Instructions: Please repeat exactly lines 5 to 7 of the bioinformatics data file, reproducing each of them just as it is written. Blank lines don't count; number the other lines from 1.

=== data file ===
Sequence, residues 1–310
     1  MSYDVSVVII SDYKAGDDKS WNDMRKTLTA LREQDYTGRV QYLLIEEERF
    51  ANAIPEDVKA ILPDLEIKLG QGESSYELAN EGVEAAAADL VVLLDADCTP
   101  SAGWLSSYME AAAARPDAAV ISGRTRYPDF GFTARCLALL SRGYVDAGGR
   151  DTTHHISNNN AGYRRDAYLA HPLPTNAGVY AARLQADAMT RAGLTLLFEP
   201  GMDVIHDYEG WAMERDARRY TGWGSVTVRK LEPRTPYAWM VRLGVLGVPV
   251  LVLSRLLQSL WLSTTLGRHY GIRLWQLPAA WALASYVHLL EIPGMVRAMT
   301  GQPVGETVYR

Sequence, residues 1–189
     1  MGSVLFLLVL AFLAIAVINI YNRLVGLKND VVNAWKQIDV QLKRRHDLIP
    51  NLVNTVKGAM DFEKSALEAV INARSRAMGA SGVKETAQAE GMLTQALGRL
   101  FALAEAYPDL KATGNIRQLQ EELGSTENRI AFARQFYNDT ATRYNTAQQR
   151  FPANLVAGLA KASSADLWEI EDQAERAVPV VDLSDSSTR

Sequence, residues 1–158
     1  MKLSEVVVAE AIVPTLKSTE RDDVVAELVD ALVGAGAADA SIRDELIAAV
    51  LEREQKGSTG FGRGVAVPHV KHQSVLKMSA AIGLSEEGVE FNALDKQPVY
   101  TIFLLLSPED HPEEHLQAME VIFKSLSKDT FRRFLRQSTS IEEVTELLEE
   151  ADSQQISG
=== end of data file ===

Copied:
   151  DTTHHISNNN AGYRRDAYLA HPLPTNAGVY AARLQADAMT RAGLTLLFEP
   201  GMDVIHDYEG WAMERDARRY TGWGSVTVRK LEPRTPYAWM VRLGVLGVPV
   251  LVLSRLLQSL WLSTTLGRHY GIRLWQLPAA WALASYVHLL EIPGMVRAMT